In two separate judgments delivered in January and February of 2019, the Federal Court has explored the previously unlitigated duties of good faith that a franchisor and franchisee owe each other under the Franchising Code of Conduct. The decisions of the Court represent the need for franchisors and franchisees to engage with each other honestly, disclose information where required, and act in compliance with all statutory obligations and contractual agreements.

The Australian Competition and Consumer Commission (“ACCC”) has been successful in seeking judgments against two franchisors for breaches of the Franchising Code of Conduct and the Australian Consumer Law.

Justice Bromwich of the Federal Court of Australia ordered a pecuniary penalty of $2.6 million against Ultra Tune Australia Pty Ltd for making false or misleading representation in breach of the ACL and for failing to act in good faith pursuant to the Franchising Code of Conduct.

Geowash Pty Ltd, a car wash franchisor now in voluntary administration, was found by Justice Colvin in the Federal Court of Australia to have been acting unconscionably, to have made false or misleading representations, and to have failed to act in good faith in breach of the Franchising Code of Conduct. The penalties against Geowash Pty Ltd and their director are pending further proceedings.

ACCC v Ultra Tune Australia Pty Ltd

Ultra Tune Australia Pty Ltd (“Ultra Tune”) is the franchisor for approximately 200 car repair franchisees across Australia. The ACCC alleged that Ultra Tune had breached both the current Franchising Code of Conduct and its predecessor and had made misleading or false representations to potential franchisees in breach of the Australian Consumer Law.

Ultra Tune was alleged to have made numerous misleading or false representations to prospective franchisees as to the profitability and expenses of franchises. The ACCC also alleged that Ultra Tune failed to provide disclosure documents to the prospective franchisees in accordance with their obligations under the Franchising Code of Conduct.

The ACCC noted that this case was their first attempt at pursuing an entity for a breach of the ‘good faith’ obligations in the current Franchising Code of Conduct. Justice Bromwich, in finding against Ultra Tune, accepted the ACCC’s submission that the obligation of good faith is one that requires a franchisor to:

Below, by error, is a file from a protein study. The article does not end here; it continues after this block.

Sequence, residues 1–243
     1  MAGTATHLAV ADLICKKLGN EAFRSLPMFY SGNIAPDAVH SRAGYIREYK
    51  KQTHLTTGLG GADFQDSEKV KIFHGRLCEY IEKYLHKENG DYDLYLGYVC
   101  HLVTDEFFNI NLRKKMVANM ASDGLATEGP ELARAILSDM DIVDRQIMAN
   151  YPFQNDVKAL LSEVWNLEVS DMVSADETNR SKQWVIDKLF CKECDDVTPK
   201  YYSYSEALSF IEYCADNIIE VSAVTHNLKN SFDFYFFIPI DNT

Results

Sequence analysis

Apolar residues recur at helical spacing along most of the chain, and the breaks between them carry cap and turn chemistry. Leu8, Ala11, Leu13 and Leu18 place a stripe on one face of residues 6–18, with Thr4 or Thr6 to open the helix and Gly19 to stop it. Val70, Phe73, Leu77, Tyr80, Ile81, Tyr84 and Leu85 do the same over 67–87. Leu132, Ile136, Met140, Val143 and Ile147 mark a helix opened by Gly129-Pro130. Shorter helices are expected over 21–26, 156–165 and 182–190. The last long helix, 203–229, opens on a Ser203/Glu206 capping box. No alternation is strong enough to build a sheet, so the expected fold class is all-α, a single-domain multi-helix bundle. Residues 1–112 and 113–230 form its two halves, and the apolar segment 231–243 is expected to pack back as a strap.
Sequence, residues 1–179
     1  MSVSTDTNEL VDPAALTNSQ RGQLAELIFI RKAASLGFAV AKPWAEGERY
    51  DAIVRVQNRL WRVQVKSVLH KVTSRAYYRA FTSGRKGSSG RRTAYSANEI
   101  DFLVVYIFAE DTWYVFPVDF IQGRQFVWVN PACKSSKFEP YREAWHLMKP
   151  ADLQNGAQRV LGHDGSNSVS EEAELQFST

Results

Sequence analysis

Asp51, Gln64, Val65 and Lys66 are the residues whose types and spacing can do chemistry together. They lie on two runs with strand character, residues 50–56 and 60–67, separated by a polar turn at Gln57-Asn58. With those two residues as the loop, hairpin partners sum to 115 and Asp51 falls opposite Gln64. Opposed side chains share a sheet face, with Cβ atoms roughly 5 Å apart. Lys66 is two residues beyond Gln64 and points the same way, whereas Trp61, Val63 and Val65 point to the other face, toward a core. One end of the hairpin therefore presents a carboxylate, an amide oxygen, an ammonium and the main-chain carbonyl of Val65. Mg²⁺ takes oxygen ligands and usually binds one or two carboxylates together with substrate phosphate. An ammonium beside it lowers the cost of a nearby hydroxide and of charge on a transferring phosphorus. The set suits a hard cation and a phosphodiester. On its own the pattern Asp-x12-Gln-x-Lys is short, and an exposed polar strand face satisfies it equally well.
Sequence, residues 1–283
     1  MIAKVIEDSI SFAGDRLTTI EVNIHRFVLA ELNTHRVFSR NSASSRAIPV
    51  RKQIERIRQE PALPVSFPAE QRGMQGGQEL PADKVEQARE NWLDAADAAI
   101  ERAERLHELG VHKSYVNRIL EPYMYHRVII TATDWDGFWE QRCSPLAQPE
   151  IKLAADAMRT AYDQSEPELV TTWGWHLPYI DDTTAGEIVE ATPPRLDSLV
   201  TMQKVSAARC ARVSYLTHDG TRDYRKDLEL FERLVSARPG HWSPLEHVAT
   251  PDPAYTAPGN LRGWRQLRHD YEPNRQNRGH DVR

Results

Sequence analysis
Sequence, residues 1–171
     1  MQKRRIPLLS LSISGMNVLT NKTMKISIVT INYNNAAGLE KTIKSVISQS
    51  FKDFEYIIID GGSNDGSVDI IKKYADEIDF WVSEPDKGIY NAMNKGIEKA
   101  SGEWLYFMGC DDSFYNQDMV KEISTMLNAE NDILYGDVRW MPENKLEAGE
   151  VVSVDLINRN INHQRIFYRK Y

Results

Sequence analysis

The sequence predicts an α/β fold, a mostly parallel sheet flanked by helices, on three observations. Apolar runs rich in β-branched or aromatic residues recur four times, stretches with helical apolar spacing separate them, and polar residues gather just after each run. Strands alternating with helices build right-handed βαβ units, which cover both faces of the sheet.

not use the powers and opportunities available to it to the detriment of a franchisee in the absence of any objective legitimate interest in doing so; and must co-operate to the extent possible with a franchisee or potential franchisee, providing that such co-operation is not to the detriment of the franchisor.

The good faith obligations were also taken to require ‘consideration by the franchisor of the position and interests of the franchisee’. Furthermore, it was held that conduct which is not necessary for the protection of the franchisor’s interests and harms a franchisee or prospective franchisee falls afoul of the good faith obligations.

By making numerous misleading statements and failing to provide all relevant information in a timely and accurate manner, Justice Bromwich found that Ultra Tune had failed to meet the standards required by the Franchising Code of Conduct’s good faith clauses and had breached the Australian Consumer Law.

The Federal Court imposed a $2.6 million pecuniary penalty for the breaches of the Franchising Code of Conduct and Australian Consumer Law. Justice Bromwich also strongly criticised Ultra Tune for fabricating evidence and attempting to mislead the Court in the course of its defence.

ACCC v Geowash Pty Ltd (Subject to Deed of Company Arrangement) (No 3)

Geowash Pty Ltd (“Geowash”) offered car washing franchises between 2013 and 2016. The franchising agreement required franchisees to pay for the fit-out costs associated with starting the business and purchase the required equipment from Geowash. There was considerable variability in the costs associated with the fit-out of franchises due to the nature of each franchise site.

The ACCC alleged that Geowash made misleading statements about monthly earnings, the corporate clients of Geowash, and the establishment costs for a franchise. The ACCC alleged that both Geowash and its directors were in breach of the prohibition on misleading and deceptive conduct, and unconscionable conduct in the Australian Consumer Law. This same conduct was alleged to have been a breach of clause 6 of the Franchising Code of Conduct; the obligation to act in good faith.

Justice Colvin, in considering the alleged breaches of the Australian Consumer Law and Franchising Code of Conduct, adopted the interpretation of the good faith obligations employed by Justice Bromwich’s judgment against Ultra Tune.

Geowash was found to have repeatedly misrepresented invoices by stating that they were for fit-out and start-up expenses, while in fact the fees were for Geowash’s expenses and franchise commissions. Justice Colvin found these arrangements ‘went beyond a failure to observe the terms of the franchise agreement’ and amounted to unconscionable conduct in addition to the breaches of the good faith obligations in the Franchising Code of Conduct.

Conclusions

These cases represent the ACCC’s renewed activity enforcing franchisor obligations under the Franchising Code of Conduct. These cases represent the first attempts by the ACCC to litigate on the good faith obligations in the Franchising Code of Conduct and have provided colour to a previously unlitigated legal obligation. The primary take away from these cases is the need for a franchisor to be open with potential and current franchisees, disclose all information in an honest and timely manner, comply with the franchising agreements in place, and ensure that all statements are accurate and clear.